For the past two days I have been at an EC-hosted consultation on how to configure governance architecture at the national and international levels to maximise efforts to address widespread malnutrition. Malnutrition is responsible for nearly a third of all child deaths, a third of the global burden of disease in the developing world and economic productivity losses of 3-5%. Nutrition status represents the building blocks of human, social and economic development.
Governance is crucial for nutrition because nutrition services are challenging to deliver. First because the determinants of nutrition are multisectoral. This means good work in one area (say health) is undone by vulnerabilities in other areas (e.g. food insecurity). Therefore nutrition reduction efforts require coordination across ministries where nutrition is usually not the number one priority. Second, reducing malnutrition requires a lot of behaviour change which is often very context specific (e.g. attitudes towards breastfeeding), so a strong capacity to adapt is paramount. Finally, malnutrition, unless it is very acute, is a silent killer and a subtle destroyer. Its presence is not easy to detect. It requires height and weight measurements to be compared to international standards. A high degree of vigilance is required. Capacities for coordination, adaptability, and vigilance need to be deliberately built up accordingly—among all stakeholders, not just governments.
The 2-day meeting also highlighted global and national nutritional trends. First, we don’t actually know what is happening post food, fuel and financial crises—highlighting just how difficult it is for our monitoring systems to keep up with the real world. Second, pre-crisis trends are encouraging in Asia (excluding India) and less encouraging in sub Saharan Africa (although there are exceptions and also the average rate is still lower than South Asia).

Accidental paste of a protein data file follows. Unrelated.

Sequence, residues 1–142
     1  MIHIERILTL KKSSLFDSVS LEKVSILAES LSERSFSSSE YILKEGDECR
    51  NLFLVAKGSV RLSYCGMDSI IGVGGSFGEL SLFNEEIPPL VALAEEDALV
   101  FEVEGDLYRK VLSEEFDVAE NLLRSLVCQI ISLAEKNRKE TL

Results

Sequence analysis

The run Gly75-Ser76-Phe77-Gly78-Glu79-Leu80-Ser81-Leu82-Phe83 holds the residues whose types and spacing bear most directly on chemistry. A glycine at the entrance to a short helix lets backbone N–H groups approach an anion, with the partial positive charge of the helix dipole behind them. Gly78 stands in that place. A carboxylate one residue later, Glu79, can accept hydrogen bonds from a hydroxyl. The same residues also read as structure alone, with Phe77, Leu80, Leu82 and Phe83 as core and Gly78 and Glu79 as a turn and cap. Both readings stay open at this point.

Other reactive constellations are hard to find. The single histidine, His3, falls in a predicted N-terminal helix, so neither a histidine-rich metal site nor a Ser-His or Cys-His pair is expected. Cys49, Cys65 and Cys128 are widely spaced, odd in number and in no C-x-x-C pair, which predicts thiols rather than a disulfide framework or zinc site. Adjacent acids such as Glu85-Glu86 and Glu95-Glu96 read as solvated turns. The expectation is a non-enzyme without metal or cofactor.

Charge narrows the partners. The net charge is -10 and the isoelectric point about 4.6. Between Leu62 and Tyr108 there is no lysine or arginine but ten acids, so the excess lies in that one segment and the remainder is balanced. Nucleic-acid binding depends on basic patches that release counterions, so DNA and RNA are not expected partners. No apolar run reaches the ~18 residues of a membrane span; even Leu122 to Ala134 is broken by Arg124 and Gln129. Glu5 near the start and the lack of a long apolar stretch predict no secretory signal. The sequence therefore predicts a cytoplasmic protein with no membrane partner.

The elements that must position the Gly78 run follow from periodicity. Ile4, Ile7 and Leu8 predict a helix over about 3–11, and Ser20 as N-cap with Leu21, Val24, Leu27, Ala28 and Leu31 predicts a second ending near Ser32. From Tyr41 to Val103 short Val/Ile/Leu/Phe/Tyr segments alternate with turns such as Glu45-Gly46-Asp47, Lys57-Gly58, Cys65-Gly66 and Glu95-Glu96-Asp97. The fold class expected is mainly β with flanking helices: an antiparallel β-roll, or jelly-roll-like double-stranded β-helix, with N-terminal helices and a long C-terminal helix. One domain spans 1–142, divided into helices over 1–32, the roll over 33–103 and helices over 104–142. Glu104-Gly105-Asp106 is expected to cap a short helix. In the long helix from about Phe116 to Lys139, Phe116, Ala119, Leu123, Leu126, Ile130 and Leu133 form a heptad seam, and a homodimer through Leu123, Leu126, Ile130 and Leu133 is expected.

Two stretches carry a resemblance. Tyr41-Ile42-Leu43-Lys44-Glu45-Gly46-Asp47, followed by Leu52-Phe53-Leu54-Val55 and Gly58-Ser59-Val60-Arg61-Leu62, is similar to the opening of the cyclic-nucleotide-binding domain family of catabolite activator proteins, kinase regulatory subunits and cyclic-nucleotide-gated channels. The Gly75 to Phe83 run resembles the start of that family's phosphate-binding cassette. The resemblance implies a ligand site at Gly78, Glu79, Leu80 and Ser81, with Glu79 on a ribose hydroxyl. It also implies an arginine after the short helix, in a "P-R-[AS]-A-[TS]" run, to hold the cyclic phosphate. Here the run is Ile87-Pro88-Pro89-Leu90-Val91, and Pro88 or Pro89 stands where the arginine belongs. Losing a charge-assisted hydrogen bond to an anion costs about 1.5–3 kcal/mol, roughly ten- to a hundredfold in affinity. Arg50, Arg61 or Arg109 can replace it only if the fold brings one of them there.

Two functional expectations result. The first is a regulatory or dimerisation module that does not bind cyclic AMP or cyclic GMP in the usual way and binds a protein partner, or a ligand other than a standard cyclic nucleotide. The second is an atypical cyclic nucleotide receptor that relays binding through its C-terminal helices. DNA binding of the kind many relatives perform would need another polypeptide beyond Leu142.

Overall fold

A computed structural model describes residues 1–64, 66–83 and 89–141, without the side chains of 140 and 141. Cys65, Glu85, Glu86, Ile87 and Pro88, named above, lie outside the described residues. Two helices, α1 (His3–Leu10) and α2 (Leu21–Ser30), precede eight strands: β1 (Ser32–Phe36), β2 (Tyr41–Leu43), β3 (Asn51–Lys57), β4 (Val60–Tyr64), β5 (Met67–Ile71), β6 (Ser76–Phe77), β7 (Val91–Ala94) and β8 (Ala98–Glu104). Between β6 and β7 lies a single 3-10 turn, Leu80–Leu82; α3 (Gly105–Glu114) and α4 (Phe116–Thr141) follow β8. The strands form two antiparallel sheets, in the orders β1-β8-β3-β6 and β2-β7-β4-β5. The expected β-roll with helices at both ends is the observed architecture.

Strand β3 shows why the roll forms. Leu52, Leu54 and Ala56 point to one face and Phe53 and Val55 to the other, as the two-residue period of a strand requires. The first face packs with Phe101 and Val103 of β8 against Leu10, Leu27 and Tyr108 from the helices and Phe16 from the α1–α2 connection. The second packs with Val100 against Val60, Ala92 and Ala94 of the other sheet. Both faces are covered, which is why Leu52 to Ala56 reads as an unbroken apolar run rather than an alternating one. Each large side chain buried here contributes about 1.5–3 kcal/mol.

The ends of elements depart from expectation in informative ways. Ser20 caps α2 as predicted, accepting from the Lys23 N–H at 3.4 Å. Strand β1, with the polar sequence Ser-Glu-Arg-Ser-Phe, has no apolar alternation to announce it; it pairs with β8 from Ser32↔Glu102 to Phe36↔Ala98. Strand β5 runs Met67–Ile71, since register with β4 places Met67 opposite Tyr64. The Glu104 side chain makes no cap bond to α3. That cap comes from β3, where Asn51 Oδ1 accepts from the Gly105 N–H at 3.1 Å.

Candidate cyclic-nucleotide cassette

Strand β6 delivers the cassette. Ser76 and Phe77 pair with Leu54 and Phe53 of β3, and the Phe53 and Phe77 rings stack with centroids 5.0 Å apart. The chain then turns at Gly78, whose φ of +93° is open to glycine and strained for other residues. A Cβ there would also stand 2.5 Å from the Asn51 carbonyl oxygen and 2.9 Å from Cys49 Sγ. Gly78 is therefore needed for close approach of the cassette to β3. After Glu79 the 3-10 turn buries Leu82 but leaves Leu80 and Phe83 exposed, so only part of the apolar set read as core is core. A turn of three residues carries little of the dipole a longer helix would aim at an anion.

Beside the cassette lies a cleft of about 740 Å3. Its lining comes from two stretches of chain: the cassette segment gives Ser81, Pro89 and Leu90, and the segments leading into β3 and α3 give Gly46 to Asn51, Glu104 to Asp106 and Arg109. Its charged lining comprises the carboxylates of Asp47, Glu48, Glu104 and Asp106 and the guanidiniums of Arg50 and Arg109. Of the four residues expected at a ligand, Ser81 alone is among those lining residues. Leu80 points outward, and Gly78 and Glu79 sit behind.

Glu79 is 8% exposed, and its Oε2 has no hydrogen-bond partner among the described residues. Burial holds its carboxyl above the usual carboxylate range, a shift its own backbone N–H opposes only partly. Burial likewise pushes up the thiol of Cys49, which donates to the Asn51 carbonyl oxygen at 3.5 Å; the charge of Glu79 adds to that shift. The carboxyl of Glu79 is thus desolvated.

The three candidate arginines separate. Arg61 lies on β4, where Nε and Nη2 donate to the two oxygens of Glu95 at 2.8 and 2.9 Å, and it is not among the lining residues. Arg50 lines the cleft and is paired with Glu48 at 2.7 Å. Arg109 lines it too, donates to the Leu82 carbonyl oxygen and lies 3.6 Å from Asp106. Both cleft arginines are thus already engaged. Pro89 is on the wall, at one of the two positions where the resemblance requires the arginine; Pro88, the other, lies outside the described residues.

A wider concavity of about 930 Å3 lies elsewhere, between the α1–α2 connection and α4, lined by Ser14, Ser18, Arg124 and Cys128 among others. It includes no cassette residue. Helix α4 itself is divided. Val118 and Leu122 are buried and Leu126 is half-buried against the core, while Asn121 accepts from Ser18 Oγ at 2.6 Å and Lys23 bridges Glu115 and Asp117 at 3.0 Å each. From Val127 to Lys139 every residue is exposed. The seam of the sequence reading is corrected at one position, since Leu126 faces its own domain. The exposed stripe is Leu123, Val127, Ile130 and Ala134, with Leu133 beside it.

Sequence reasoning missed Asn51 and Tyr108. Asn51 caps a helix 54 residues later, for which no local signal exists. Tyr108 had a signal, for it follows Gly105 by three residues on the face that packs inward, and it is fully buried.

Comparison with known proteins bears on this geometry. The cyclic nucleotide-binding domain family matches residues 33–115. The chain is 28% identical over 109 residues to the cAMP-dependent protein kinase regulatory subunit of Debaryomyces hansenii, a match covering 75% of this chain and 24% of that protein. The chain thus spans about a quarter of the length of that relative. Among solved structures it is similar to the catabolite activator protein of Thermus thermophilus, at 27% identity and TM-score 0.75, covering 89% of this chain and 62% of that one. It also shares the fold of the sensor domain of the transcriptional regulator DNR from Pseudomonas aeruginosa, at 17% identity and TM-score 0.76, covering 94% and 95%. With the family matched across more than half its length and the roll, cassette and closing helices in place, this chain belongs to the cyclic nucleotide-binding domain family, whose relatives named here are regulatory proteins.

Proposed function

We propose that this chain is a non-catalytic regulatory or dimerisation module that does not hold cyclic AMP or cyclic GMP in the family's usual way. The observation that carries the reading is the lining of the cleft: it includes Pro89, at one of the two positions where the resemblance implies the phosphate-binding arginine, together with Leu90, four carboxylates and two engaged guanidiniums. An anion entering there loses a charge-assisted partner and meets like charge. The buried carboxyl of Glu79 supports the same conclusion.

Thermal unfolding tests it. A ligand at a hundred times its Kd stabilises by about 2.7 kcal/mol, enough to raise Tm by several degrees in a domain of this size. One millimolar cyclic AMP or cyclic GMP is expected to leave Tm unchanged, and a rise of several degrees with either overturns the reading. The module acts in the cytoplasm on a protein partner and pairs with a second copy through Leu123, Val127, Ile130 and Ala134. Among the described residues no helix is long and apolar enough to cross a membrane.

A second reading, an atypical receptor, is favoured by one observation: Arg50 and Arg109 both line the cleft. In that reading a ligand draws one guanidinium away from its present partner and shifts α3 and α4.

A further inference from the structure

We had some terrific national-level presentations showing how strategic some of the nutrition leaders have been (e.g. Malawi, Brazil, Cambodia, Peru) in positioning nutrition within government (usually in a central location such as the Ministry of Planning and Investment or the Prime Minister’s Office), in setting up inter-ministerial coordinating mechanisms and in setting public goals in terms of outputs and outcomes.
Most people agreed that a global nutrition strategy would help raise the profile of nutrition on Davos-like stages (where it is not even on the radar screen) helping to generate more resources for the country level processes to focus them. Much inspiration was drawn from the reframing of global efforts to combat HIV/AIDS and the water security.
The importance of process in constructing this global vision for nutrition was brought home by the country level leaders. They insisted that global processes are not framed only by the multilateral agencies. Programmes that aspire to global reach need to be globally constructed, not from Washington, Brussels, New York, London or Rome, but from everyone who needs to play a role.
The EC hosted the meeting. The gathering sparked a re-commitment of support from the major UN agencies for the Standing Committee on Nutrition (SCN). The SCN has the potential to be a leading mechanism for creating interagency synergies at the global level if it can get its focus, governance and resourcing right. The meeting was thus important for that re-commitment.
The meeting was also important in that it helped maintain the immediacy and urgency of the malnutrition issue within the EC. The EC and the EU are major international development players and already exhibit strong leadership in food security. I hope they are also becoming convinced that they can and need to play the same European leadership role in the fight against malnutrition.